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Juan Pedro Franco, 33, was once the world’s heaviest man alive. At 1,300 pounds, the Mexico native weighed nearly seven times as much as an average man, but he has since lost more than 500 pounds. His weight loss story is impressive, but doctors advice he still has further to go.
Franco is currently in Zapopan, Mexico, recovering from his second gastric bypass weight loss surgery operation, which involved splitting his stomach in half and removing a section of his intestines in order to reduce the amount of food he is able to consume. According to The International Business Times, Franco is recovering well and his doctors are optimistic about his future weight loss goals.
Although Franco has lost a significant amount since his first weight loss operation in May, his doctors hope that this final operation will help him lose an additional 200 pounds, bringing his total weight to around 600 pounds.
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Despite already having undergone a previous weight loss operation, Franco explained that the second surgery caused more concern than the first.
"I was more nervous than in the first surgery," he said in a statement cited by The Japan Times. "But I knew that this second surgery was a priority in my life if I am to be able to move forward."
For Franco, losing weight isn’t just about reaching a number goal on a scale. He hopes that further weight loss will allow him to get off his diabetes and high blood pressure medication, and enable him to walk again and “feel the air” for the first time in years, BBC Mundo reported. In an emotional Spanish language interview with BBC Mundo, Franco highlighted his determination to win back his life, and explained how he refuses to give up the fight until the very end.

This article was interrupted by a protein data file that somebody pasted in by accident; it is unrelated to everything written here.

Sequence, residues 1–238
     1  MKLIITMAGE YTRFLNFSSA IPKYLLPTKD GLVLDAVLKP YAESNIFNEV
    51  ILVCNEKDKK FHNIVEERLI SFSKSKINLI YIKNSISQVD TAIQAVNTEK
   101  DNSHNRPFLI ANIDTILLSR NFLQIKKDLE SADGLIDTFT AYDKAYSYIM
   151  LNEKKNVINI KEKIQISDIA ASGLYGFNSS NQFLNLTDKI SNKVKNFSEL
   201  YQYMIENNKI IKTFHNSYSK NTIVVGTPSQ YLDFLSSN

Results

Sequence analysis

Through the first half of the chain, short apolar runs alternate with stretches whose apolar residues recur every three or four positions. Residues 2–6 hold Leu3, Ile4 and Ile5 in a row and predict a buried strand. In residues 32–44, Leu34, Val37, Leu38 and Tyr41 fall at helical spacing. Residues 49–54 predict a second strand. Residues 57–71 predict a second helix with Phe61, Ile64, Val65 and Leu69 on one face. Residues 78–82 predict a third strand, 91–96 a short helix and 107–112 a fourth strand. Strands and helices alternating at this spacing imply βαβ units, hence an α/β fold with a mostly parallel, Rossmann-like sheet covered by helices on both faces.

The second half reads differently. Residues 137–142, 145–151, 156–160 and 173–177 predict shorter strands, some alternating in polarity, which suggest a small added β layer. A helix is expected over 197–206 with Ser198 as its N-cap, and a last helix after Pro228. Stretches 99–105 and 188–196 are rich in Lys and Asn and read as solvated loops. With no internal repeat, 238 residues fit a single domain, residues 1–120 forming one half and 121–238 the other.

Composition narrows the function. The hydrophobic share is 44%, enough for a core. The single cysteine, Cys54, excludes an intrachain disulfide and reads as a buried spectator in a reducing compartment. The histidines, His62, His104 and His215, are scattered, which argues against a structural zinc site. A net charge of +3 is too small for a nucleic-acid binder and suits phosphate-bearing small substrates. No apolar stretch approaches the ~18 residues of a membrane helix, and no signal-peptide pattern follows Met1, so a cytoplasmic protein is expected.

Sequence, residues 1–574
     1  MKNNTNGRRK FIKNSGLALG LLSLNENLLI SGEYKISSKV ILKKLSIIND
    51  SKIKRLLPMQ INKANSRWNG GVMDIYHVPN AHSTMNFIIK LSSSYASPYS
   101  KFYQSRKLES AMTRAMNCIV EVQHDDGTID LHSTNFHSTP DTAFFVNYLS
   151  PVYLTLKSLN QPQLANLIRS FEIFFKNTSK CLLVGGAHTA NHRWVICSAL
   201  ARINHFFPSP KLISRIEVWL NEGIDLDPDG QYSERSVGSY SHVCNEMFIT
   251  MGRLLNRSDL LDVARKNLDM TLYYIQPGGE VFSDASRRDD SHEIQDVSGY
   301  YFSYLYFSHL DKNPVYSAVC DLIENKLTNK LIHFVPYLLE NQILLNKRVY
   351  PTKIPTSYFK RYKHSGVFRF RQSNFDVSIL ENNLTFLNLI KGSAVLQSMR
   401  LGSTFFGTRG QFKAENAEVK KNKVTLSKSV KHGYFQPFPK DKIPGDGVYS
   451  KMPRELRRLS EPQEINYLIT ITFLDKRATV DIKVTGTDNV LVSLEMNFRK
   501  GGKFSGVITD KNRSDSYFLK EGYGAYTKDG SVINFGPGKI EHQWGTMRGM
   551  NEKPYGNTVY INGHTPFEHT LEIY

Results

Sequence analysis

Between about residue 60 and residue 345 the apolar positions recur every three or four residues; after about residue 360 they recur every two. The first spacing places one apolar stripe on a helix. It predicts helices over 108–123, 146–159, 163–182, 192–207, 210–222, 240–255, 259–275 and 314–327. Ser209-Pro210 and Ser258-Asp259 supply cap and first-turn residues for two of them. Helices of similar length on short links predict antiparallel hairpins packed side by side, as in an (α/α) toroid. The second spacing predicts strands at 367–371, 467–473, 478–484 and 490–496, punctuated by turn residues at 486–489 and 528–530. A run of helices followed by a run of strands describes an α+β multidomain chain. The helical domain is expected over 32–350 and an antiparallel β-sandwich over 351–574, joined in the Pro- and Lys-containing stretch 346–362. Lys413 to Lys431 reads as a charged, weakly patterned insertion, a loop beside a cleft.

Related: Weight loss saves obese adults nearly $30,000, according to study
The Guinness World Records recognized Franco as the world’s heaviest man earlier this year after citing that his weight as of last December, 1,311 pounds, made him the heaviest living person. This followed the death of the previous heaviest person alive Manuel Uribe, also from Mexico, who weighed 1,316 before his passing.
Mexico has one of the highest obesity rates in the world, with 74 percent of women and 70 percent of men—two-thirds of adults—classified as obese. According to the UN World Food Programme (WFP), this is a widespread problem throughout the region and “overnutrition,” where individuals consume far too much food, may soon become the largest social and economic burden, overpassing undernutrition, The Guardian reported....Read more